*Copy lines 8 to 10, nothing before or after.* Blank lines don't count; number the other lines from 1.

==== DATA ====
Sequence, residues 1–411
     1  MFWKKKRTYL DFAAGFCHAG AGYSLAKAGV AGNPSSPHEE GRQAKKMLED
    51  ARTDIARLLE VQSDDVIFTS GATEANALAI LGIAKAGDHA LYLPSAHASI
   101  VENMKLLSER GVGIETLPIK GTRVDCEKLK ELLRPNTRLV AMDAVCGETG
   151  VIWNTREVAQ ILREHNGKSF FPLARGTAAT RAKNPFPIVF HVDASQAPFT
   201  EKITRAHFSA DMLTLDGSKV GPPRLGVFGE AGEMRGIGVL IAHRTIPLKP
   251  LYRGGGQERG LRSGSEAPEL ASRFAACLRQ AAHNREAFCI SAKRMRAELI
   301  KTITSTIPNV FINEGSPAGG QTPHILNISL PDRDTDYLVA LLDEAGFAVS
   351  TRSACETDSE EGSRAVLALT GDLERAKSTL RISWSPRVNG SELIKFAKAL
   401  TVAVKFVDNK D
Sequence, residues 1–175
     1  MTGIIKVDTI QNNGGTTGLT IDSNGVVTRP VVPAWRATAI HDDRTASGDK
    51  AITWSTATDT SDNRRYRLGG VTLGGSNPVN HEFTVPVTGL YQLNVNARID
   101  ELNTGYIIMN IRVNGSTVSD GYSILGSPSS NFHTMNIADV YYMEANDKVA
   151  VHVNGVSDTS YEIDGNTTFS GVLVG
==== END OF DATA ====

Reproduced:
   301  KTITSTIPNV FINEGSPAGG QTPHILNISL PDRDTDYLVA LLDEAGFAVS
   351  TRSACETDSE EGSRAVLALT GDLERAKSTL RISWSPRVNG SELIKFAKAL
   401  TVAVKFVDNK D